Did you know that 80% of your sales this year will come from just 20% of your existing customers? If you’ve been around in business long enough then you should already be aware of this statistic – also commonly referred to as the “80/20 Principle” (source. Entrepreneur).
Regardless of your position as either a B2C or B2B company, it’s long-term relationships that drive the majority of yearly sales. Conversion rates for people who have purchased from you before can be up to 9 times greater than first-time buyers (source. Marketing Metrics), whilst the average order value tends to be higher also. That’s according to a 2015 study by RJ Metrics.
Knowing everything about this 20% and focusing your marketing efforts is key to maximising sales, which can be achieved through ERP and CRM integration. When your sales team has access to customer information – pertaining to everything from previous order history to past client interactions, how much they paid, their payment terms, their preferred marketing channel, and the products / services they’re most interested in – it enables representatives to strategise a sales process and effectively reach out to buyers on a more personalised level. It also enables management to observe (see productivity, above) and invest further resources into strategies that have proven to be most successful.
Another benefit of system integration is being able to view all key business areas including inventory, which is not directly related to the sales process but is equally important. Without this functionality, sales representatives are not able to easily check if existing stock levels are sufficient, or see if more stock is due to improve ease of order and secure the sale.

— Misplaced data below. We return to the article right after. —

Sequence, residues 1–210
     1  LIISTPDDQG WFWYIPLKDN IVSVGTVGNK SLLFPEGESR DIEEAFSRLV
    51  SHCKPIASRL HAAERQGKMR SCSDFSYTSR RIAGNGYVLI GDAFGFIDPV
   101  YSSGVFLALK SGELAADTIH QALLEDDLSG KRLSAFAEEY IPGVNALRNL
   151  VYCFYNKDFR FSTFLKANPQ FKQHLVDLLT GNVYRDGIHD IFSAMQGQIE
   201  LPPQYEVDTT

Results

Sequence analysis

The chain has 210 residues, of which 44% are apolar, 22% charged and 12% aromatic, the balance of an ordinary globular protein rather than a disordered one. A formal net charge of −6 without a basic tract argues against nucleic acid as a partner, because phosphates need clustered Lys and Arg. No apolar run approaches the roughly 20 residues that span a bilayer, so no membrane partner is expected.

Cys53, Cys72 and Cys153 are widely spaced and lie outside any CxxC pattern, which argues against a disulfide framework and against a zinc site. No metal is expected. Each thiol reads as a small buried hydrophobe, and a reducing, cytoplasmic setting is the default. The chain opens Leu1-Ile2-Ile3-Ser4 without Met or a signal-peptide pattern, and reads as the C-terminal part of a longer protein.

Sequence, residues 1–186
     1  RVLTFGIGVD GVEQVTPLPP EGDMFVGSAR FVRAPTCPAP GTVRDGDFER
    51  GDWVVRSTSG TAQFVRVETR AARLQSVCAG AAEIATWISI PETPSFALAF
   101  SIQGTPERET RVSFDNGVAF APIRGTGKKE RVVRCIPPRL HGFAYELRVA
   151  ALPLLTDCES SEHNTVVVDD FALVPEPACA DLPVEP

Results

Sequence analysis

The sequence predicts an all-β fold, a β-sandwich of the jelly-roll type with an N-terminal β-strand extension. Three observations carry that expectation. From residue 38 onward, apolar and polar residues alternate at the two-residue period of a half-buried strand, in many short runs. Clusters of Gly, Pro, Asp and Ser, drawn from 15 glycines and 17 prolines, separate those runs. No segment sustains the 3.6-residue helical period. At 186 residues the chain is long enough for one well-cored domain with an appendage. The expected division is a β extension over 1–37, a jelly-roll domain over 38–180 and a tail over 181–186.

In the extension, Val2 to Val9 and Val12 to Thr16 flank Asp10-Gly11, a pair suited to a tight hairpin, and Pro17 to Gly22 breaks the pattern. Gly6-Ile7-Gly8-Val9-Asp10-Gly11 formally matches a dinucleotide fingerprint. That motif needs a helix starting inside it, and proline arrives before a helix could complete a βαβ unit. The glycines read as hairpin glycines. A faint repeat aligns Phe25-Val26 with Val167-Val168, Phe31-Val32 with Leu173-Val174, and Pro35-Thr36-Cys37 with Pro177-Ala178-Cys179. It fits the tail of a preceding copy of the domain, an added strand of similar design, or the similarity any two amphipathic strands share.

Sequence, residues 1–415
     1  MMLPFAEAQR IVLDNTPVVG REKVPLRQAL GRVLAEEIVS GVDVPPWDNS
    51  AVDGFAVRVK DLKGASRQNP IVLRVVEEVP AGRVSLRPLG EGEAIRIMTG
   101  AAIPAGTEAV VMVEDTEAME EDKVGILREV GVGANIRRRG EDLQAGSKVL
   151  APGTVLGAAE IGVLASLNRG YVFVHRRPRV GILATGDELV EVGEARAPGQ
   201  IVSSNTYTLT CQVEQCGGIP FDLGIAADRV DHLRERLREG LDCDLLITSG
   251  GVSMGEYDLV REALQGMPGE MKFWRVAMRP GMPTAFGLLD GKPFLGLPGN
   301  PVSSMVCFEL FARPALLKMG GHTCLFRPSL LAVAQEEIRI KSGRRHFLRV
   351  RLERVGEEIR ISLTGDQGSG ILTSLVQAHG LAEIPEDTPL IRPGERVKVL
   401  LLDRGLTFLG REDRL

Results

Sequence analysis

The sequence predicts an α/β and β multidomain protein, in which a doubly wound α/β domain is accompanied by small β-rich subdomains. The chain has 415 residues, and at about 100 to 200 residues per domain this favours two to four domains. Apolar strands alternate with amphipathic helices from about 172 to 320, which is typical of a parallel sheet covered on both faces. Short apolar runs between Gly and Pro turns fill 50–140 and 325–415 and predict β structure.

Likewise, delivery to some customers may be more convenient (quicker and cheaper) from depots nearer to a particular customer’s location, so remote access to shipping and inventory information via the cloud is more than just advantageous; it’s essential to exceeding the expectations of valuable customers.
Competitive and strategic pricing
ERP data can be used to provide sales representatives with suggestions for new pricing structures on a case-by-case basis.
Whilst setting the price of products and services is not the primary role of your sales team, access to ERP data variances can be used to vary pricing for unique customer situations. Conversely, this strategy also allows businesses to push higher prices, whilst staying competitive. It is of course paramount to ensure that limitations on price variance are set to make sure any margins are protected.
Use of pricing groups and price break values enables a quick and easy view of best value offerings to your customer base, adding a valuable tool in your sales team’s arsenal.
We’ve already mentioned the added advantage of being able to access off-site shipping data to provide quicker and more cost-effective delivery to clients. Well, the same principle applies across a broad range of factors – such as supply, demand, location, and customer history – across all sectors from retail to manufacturing. If remote users are given access via the cloud, it enables sales to react in real-time to national and global changes in the marketplace.
Do you have anything to add? Leave your thoughts on this article in the comments below.